While the real Amazon certainly takes a lot of beating, the driving force behind a new attraction at the River Safari reckons it can still trump the Brazilian jungle in some respects.
Mr Cham Tud Yinn, director of exhibit design at Wildlife Reserves Singapore, said the much- anticipated Amazon River Quest boat ride that starts next month will have native animals to enhance the appeal.
That, he added, is something you do not often see when going down some of the world's mighty rivers, as Mr Cham well knows.
He spent many hours going with the flow along the Mekong, the Amazon and a river in the Taman Negara national park as part of his research for the new ride at the River Safari in Mandai.
Mud sliding down eroded river banks and toppled tree trunks rolling through the waters were common sights, he recalls, but what struck him most was that he could hear animals but not see them.
"You don't get to see many animals because they are hiding, although you can hear for example, gibbons howling," he said.
"I thought it'd be great to create a boat ride where people can see the live animals and be immersed in the river habitat."
The idea has been transformed into reality in the form of the Amazon River Quest boat ride.
Visitors will ride down a 483m-long man-made river and get up close to 30 species commonly found on the banks of the Amazon, including the jaguar, Brazilian tapir and primates such as the red howler and bearded saki.
Compromises, however, had to be made to ensure the safety of visitors. Wet and dry moats were built to confine animals to specific areas while a glass wall separates the three jaguars from the boats. And instead of eroded banks, the moats lining the river had their edges smoothened to prevent injuries.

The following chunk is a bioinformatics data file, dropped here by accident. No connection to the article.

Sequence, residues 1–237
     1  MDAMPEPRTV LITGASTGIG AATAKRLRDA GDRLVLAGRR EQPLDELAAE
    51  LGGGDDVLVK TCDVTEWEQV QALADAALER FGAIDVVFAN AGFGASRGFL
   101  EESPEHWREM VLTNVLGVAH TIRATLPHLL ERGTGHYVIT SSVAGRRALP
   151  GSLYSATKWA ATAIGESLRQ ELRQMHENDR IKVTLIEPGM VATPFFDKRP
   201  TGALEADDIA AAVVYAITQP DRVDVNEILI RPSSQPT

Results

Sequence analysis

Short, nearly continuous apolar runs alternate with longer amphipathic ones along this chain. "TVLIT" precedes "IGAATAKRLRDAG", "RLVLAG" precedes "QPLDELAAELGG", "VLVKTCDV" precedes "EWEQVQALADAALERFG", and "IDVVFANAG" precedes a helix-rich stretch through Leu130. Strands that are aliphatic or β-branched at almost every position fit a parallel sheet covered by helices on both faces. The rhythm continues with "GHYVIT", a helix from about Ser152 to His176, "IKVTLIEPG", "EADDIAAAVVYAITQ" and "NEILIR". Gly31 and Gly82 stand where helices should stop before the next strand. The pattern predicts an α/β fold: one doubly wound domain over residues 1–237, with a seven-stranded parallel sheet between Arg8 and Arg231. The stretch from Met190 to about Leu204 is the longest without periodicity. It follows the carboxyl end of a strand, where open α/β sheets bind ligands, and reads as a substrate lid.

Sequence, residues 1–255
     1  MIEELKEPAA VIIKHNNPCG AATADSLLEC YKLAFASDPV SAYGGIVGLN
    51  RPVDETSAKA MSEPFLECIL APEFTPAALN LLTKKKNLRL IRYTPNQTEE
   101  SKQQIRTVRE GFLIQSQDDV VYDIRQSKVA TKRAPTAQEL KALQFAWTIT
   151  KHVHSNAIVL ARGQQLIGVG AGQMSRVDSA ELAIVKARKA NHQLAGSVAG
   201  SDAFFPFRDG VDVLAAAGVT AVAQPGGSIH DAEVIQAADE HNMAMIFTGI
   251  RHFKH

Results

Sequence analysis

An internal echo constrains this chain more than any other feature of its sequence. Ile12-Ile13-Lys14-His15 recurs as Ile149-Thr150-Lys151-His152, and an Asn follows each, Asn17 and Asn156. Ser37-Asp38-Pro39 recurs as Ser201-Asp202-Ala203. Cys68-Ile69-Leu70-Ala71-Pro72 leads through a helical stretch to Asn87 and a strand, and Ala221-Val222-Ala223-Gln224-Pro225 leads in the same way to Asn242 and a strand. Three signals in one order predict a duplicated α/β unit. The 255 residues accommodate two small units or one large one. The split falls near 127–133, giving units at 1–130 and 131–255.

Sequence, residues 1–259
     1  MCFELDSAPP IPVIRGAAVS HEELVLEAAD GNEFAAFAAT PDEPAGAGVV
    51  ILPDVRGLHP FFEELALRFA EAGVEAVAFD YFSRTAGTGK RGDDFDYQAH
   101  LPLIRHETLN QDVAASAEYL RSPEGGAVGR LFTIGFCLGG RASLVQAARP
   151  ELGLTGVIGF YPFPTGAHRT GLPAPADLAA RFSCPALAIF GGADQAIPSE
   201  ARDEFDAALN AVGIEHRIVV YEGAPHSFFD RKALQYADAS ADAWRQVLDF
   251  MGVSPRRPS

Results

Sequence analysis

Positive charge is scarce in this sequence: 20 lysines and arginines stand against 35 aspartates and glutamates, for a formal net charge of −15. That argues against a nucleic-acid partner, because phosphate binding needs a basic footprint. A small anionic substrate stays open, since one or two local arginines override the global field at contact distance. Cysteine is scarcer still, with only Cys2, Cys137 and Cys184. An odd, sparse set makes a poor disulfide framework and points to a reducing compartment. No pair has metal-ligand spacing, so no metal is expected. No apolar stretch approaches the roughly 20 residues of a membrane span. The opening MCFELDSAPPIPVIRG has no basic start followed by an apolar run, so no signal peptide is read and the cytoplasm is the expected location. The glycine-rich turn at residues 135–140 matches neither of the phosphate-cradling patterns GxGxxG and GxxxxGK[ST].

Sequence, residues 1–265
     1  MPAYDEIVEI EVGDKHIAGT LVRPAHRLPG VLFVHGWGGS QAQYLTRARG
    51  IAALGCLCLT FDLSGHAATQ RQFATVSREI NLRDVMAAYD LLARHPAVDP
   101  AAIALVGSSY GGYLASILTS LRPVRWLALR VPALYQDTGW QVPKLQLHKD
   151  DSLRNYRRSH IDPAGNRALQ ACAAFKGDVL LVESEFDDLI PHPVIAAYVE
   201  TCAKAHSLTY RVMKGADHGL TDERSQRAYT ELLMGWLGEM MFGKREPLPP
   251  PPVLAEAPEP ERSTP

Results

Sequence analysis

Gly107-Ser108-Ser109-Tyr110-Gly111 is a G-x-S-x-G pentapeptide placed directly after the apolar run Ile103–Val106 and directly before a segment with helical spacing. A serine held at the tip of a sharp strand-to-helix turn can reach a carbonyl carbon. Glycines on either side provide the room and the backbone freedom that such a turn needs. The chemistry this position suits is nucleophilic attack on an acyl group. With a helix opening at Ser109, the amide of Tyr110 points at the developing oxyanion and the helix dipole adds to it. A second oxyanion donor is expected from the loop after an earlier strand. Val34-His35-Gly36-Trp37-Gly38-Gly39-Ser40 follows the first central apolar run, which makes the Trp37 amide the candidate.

"It's quite tough to balance realism and safety. Of course, safety is paramount," said Mr Cham.
The animals are conditioned to the presence of boats so they would not hide, said the River Safari's assistant director of zoology, Mr Ang Cheng Chye. Food will also be placed such that visitors will have a higher chance of spotting the animals. "But, of course, the animals have the option to go back into the bushes. If they find the crowd too rowdy, they can retreat," he said.
The river, which is a metre deep, was carved out of a narrow channel through Mandai's hilly terrain. The ride starts with a boat, which can take up to 15 people, plunging 5m into the waters but those expecting a heart-stopping ride will be disappointed. The boats meander along at 0.7m to 1m per second, propelled by currents created by a pump.
"It is not a thrill ride," said Mr Cham. "There are some plunges but they're quite gentle. People may get a bit of a splash."
The boat ride was supposed to be ready when the River Safari opened in March but was delayed because of technical difficulties. It will be included in the park's admission fees.